The new FreshBooks uses OAuth2 for authentication. OAuth2 is an authorization framework that enables applications to obtain limited access to user accounts over HTTP, and is used by services like Google, Facebook, Stripe, and Slack. This method creates a token that lasts for 12 hours to keep your account secure and connected. For more details about how OAuth2 itself, check out: the official documentation.
Use a Library!
If you wish to manage that complexity yourself, you can request a Bearer and Refresh token pair from our auth/token endpoint using the process descibed in the code pane on this page.
- A user visits your Authorization link, which you supply on your website, and which we supply clickable versions of on your app management page.
- They are sent to an Authorization page we host.
- The user logs in and clicks 'Authorize'.
- They are redirected back to your website with a code parameter in the URL.
- You send us a request from your server containing the code, your client id, client secret, and the redirect uri the user followed, as seen in the code pane on this page.
- We return to you a Bearer and Refresh token pair.
- You make successful calls on that user's behalf. Congrats!
Redirect URI Limitations
For security reasons, redirect URIs must specify HTTPS as their protocol. While testing/develping your application, if you are unable to set up a self signed certificate to use or to work in a secured public test environment, you may manually change the URL to HTTP in your browser to complete the connection.
Redirect URIs also cannot contain query string parameters. Your application may instead url-encode arbitrary data and pass into an Authorize link via an additional state parameter. That state parameter and its value will be inserted into the Redirect URI when the client is sent there after granting permission to your application to continue.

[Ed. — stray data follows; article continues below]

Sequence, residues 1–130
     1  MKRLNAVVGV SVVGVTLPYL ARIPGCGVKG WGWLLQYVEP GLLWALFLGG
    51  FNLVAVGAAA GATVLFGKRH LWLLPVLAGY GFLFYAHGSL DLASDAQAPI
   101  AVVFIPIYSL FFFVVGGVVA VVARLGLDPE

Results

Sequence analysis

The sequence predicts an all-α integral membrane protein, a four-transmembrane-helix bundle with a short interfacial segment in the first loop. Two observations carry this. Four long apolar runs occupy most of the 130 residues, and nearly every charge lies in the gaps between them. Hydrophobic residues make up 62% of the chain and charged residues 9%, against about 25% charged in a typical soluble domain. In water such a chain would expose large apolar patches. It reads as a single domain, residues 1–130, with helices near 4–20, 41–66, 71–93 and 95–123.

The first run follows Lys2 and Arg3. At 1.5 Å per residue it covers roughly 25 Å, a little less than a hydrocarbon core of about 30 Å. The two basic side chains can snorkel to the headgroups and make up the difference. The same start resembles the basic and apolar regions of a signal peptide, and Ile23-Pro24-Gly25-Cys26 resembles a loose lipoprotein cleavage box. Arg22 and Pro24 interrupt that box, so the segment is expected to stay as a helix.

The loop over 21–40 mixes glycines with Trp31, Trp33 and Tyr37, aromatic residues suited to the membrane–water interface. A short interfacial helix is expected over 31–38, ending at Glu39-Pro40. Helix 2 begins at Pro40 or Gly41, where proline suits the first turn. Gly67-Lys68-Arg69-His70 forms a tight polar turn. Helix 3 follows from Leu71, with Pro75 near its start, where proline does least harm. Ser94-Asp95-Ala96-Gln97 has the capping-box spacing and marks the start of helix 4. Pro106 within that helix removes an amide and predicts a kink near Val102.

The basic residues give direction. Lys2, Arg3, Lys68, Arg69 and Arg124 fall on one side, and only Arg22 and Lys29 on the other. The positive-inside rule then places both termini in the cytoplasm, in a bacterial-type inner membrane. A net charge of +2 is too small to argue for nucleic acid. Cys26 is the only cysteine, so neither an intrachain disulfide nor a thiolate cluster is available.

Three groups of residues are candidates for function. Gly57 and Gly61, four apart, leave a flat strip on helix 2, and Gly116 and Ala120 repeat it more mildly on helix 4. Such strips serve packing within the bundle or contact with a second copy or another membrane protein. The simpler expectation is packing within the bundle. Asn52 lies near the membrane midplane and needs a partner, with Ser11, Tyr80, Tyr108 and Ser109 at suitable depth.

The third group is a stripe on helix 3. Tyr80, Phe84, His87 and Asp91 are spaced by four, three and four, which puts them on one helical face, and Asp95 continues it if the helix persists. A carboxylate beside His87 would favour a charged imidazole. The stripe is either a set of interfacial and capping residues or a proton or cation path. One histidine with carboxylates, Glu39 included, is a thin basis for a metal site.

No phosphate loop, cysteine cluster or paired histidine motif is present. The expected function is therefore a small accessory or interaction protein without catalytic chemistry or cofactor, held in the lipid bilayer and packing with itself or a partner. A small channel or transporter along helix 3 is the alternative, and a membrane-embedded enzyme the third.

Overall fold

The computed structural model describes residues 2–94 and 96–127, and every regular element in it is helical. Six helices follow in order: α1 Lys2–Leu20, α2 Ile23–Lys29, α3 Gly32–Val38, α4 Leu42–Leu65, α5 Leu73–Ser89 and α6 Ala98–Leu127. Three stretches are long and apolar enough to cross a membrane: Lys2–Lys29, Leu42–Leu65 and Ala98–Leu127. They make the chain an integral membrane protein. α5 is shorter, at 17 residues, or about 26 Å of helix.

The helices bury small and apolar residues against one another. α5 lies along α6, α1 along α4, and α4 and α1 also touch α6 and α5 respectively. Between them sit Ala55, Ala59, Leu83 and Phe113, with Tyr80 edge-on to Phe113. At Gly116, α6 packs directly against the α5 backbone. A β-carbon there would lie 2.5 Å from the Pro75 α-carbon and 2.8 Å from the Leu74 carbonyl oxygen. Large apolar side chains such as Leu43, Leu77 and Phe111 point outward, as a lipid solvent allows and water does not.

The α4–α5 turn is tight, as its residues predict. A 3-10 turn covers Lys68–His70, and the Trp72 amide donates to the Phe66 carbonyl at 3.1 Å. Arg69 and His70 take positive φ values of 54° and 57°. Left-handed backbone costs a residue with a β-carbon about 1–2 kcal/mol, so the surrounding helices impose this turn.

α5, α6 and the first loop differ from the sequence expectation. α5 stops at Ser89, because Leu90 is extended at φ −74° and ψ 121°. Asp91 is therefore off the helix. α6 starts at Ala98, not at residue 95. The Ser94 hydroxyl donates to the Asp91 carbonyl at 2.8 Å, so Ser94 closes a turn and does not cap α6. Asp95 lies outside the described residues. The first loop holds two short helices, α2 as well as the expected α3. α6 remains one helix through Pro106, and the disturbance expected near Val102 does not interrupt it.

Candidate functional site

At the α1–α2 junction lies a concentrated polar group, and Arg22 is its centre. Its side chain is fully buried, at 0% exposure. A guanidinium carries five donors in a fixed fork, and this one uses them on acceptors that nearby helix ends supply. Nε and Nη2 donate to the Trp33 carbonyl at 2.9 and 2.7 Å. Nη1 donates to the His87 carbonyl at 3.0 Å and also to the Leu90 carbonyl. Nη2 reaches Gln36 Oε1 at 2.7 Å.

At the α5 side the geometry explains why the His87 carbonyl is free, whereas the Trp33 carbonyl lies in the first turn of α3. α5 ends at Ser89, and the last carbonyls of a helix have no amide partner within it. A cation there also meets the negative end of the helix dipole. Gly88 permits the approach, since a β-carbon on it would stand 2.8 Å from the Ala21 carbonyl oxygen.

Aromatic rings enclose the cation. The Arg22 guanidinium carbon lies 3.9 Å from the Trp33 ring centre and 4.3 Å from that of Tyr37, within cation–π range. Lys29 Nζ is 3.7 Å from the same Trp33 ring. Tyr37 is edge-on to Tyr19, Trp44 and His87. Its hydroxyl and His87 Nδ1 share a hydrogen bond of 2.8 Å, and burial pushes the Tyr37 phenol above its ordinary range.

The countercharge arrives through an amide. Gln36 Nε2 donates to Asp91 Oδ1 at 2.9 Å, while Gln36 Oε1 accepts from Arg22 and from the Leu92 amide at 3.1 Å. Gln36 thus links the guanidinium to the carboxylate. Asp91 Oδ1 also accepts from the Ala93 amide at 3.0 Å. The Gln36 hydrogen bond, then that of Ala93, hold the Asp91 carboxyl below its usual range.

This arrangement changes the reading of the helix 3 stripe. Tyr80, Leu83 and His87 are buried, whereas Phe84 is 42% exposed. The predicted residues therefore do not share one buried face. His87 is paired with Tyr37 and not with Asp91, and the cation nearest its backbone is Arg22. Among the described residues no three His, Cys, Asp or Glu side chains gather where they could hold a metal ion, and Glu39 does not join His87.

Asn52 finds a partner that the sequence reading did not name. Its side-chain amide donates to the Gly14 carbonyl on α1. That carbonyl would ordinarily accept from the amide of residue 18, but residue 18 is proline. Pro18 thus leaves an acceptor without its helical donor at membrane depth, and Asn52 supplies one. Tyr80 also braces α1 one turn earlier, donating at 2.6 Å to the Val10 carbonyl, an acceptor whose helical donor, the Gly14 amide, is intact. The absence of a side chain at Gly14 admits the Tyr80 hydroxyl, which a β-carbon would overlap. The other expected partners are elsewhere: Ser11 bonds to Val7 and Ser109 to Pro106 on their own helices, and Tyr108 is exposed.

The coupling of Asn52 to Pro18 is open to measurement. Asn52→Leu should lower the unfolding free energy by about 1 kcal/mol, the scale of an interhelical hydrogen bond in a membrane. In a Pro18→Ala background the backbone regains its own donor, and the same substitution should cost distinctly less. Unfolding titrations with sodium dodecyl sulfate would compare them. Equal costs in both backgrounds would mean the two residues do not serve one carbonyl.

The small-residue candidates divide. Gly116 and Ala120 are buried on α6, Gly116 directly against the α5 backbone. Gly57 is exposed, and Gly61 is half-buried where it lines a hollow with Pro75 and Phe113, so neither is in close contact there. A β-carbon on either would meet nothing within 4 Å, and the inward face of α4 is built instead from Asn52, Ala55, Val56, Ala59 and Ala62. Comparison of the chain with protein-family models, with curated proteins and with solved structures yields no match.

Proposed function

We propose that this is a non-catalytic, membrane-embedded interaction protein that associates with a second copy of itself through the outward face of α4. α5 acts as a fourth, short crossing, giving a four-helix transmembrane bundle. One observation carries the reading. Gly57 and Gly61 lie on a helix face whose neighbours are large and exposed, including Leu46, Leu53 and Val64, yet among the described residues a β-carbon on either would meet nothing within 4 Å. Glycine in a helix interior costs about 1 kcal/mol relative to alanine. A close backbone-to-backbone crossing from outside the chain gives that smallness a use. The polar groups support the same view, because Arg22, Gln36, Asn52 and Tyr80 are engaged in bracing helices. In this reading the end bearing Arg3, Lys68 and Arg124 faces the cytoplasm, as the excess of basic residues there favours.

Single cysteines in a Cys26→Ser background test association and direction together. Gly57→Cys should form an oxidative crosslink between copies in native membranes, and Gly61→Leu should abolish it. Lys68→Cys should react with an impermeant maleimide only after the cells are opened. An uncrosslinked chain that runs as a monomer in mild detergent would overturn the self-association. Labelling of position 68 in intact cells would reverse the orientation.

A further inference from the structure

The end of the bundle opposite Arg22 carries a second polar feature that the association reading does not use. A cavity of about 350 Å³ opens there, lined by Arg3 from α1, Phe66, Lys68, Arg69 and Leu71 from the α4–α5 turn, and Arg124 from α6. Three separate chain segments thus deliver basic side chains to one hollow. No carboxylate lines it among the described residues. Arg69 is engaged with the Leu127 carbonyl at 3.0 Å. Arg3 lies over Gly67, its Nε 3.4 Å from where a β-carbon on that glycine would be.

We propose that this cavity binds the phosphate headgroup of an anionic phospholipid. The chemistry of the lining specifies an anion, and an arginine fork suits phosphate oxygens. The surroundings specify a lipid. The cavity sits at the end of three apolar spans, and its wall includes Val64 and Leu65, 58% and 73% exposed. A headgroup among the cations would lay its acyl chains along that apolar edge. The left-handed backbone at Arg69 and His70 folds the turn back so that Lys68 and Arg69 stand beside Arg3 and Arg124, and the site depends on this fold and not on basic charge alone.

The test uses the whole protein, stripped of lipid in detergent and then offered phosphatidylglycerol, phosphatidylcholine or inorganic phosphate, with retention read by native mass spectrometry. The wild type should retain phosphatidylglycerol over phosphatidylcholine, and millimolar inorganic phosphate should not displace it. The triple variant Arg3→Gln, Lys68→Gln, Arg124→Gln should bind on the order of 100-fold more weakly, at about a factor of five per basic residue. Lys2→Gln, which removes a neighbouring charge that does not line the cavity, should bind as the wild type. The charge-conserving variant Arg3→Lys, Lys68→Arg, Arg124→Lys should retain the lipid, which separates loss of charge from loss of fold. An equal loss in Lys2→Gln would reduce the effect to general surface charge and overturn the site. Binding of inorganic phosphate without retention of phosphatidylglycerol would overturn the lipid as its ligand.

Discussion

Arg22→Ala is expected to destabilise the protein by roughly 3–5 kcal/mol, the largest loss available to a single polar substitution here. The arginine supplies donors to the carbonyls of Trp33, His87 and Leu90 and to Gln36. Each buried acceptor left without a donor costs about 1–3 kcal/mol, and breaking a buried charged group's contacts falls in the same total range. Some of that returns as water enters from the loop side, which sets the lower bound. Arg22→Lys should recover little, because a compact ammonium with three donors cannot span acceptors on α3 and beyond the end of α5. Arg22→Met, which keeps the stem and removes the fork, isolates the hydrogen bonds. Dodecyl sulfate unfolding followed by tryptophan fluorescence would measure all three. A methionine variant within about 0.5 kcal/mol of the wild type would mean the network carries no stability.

Multiple Redirect URIs are allowed per application, specified on separate lines of the Redirect URI field on the developer page.
Refresh Tokens and Token Lifespans
Bearer Tokens are not long lived. They last for 12 hours, after which they are no longer able to authenticate requests, and may produce different errors depending upon the service being called. The remedy to use in these situations is a Refresh Token.
Refresh Tokens live forever, but are one-time-use, and only one Refresh Token can be alive at any time per user per application. A new Refresh Token is generated every time a Bearer Token is issued for a given user of a given application, and all old Refresh Tokens immediately become invalid. Make sure that whenever you receive a new Bearer Token, you write its companion Refresh token down somewhere safe to refresh your access, or you'll have to re-authorize your application again manually.
Bearer Tokens don't interfere with each other's lives the same way, so you could have several valid Bearer Tokens at any given point in time. They only expire when you manually POST to the token/revoke endpoint or when their time runs out.
Making a Refresh Token Call
Make a Refresh call by following the same template shown in the code pane on this page, but supply a grant type of 'refresh_token' instead of 'authorization', and instead of a 'code' argument, supply a 'refresh_token' argument with the most recent Refresh Token you were granted.
OAuth can get pretty complicated. If you've given this all a try and read as much documentation as you can find and you're still running into problems, shoot us an email with information about what you're doing, what you tried, and what went wrong, and we'll do our best to help.